As it turns out, Ichiro’s fantasies aren’t entirely whimsical; Minilla has bullies too, principle among them being a giant ogre who’s name is... Gabara. This is sort of what I meant by the film being a little patronizing; even as a kid it seemed pretty obvious the events on Monster Island were a heavy-handed metaphor for Ichiro’s domestic problems, complete with Godzilla being an inattentive father to mimic Ichiro’s own absent parents. In any case, Ichiro finds that in order to have fun with Minilla he’ll have to help the juvenile kaiju combat his own bully, leading to a little growing on Ichiro’s own.

Meanwhile, in the “real world,” Ichiro accidentally attracts the attention of a group of bank robbers when, after exploring an abandoned factory, he pockets one of their driver’s licenses. Which they just happened to have left laying around, I guess? After learning of Ichiro’s absent-minded theft, the robbers set out to kidnap Ichiro (instead of just stealing back the license I guess), which puts Ichiro in real mortal danger even as Minilla’s situation in his fantasy grows more dire in parallel.


Like I said, there are some things that work quite well about All Monsters Attack. It’s hard not to sympathize a little bit for Ichiro, alone and mostly friendless and with noting but his imagination (and a grown-up toymaker) to keep him company. I certainly could identify with his experience (even if my childhood was far less lonely and my parents far more attentive) and the film’s attempt to construct an imagined “young nerd/otaku” lifestyle isn’t actually all that far off. Plus, the bits with the robbers, while often goofy, works pretty decently as a proto-Home Alone set-up. I also appreciate the fact that director Ishiro Honda and writer Shinichi Sekizawa were trying to say something about life in Japan at the end of the 1960s, as the economic boom was really starting to take-off and life was changing massively for families across the country.


Unfortunately, the whole thing doesn’t hold together and it’s easy to see why the film’s pretty widely disliked. First of all, there’s the aforementioned patronizing aspect to the film’s premise, which goes overboard in trying to make the film relatable and child-friendly. And really, I’m not sure any kid like Minilla as much as Ichiro apparently did (as reflected by the fact Toho basically abandoned the character after this film). Secondly, the kaiju scenes are, on the whole, irredeemably cheesy. Not only do they feature a lot of weird and off-putting scenes where Ichiro is conversing with a tiny (and very unconvincing) Minilla, but they are also made almost entirely out of stock footage from earlier Godzilla films, a mark of Toho’s decreasing budgets for its tokusatsu films. Seriously, aside from the scenes with Gabara or mini-Minilla they’re pretty much all recycled from Ebirah or Son of Godzilla.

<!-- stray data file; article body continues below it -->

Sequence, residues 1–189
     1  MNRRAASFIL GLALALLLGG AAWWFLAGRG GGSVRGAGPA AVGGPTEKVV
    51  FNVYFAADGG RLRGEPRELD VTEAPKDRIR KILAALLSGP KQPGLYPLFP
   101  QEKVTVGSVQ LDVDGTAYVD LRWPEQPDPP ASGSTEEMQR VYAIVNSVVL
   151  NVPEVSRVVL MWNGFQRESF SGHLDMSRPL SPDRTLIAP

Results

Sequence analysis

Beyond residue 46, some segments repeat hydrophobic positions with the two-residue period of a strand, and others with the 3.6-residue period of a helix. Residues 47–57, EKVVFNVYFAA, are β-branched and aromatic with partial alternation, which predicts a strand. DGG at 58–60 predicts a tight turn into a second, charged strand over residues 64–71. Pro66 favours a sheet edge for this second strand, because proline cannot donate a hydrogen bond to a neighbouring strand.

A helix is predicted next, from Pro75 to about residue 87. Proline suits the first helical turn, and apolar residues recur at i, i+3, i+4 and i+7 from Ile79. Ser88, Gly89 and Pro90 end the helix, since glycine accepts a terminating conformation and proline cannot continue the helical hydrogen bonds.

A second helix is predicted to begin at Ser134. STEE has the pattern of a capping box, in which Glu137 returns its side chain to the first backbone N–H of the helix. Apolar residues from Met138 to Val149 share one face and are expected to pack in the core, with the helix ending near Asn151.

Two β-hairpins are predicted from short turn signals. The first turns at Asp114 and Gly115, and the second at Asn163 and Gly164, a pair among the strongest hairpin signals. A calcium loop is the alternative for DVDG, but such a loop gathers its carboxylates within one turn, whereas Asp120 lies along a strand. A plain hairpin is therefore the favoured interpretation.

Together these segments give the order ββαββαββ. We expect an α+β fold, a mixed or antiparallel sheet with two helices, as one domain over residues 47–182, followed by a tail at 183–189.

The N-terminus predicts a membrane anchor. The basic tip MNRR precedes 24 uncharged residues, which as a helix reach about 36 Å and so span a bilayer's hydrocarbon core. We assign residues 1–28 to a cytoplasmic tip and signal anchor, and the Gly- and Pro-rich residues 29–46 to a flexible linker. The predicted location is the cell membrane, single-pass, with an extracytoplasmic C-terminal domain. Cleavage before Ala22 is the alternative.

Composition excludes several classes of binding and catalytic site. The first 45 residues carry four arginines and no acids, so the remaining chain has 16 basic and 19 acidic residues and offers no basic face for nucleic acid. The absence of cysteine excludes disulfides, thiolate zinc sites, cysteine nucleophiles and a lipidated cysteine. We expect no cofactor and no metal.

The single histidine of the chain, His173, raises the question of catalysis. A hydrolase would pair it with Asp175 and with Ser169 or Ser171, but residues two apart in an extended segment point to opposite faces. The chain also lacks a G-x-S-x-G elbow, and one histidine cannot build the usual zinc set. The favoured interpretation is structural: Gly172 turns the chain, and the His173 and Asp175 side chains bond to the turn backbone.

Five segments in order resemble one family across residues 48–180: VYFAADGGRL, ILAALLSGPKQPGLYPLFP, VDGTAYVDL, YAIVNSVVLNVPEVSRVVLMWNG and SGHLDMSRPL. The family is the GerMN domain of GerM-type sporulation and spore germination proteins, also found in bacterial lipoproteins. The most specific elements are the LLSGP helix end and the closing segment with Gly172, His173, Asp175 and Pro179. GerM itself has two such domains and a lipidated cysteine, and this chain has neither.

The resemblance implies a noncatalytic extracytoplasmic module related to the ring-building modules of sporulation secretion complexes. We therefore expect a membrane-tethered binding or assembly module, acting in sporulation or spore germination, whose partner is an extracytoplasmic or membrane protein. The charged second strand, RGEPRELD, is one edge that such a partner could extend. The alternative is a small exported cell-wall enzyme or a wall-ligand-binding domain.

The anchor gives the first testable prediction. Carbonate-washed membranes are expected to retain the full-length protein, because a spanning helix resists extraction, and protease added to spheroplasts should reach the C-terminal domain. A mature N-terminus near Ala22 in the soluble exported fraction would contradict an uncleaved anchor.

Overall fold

Even the “real-life” segments, which I thought worked the best, are kind of a mixed bag. The bank robbers, while kind of entertaining as stooges, aren’t exactly engaging villains and the ease with which Ichiro eventually escapes them is comical (which to be fair, was possibly the intention). Additionally, while I appreciate the fact that All Monsters Attack has aspirations to being more than just “another Godzilla film” the morals it actually imparts are kind of... well, sketchy. The solution to bullying? Apparently to either succumb to peer pressure or get even by socking them in the eye. And parents? You really should feel guilty for working to support your family. The film even seems to call out Ichiro’s mother in particular, as though it’s understandable (if unfortunate) that Ichiro’s father would be absent but her priorities are really screwed up.


Still, All Monsters Attack does work on some levels. The music is surprisingly catchy (even if the children’s choir does get a bit obnoxious at times) and Gabara’s monster design is a decent take on the classical Japanese oni (for the brief moments in which he shows up). And like I said, it’s easy to sympathize with Ichiro in the film’s “slice of life” moments. But you do get the impression, especially considering Destroy All Monsters was meant to be Ishiro Honda’s last tokusatsu film, that it’s a movie no one really wanted to make in particular. Honda’s heart really isn’t in the kaiju portions but the movie doesn’t spend enough time in the real world scenes to build an actual story of significance out of them. And that leaves the film in kind of a weird place.


Which is really a good way to describe All Monsters Attack. To quote Toho Kingdom’s Miles Imhoff, “[All Monsters Attack is]... weird. It’s a weird movie; it isn’t like your run-of-the-mill Godzilla flick. It has some interesting literary elements, perhaps a backwards moral that is admirable to some degree, and maybe uses just a tad bit too much stock footage. While it’s certainly not the best, it certainly isn’t the worst either.” It’s just weird. And maybe fun if you’re into that kind of thing. But don’t show it to your kids; they’ll probably hate it.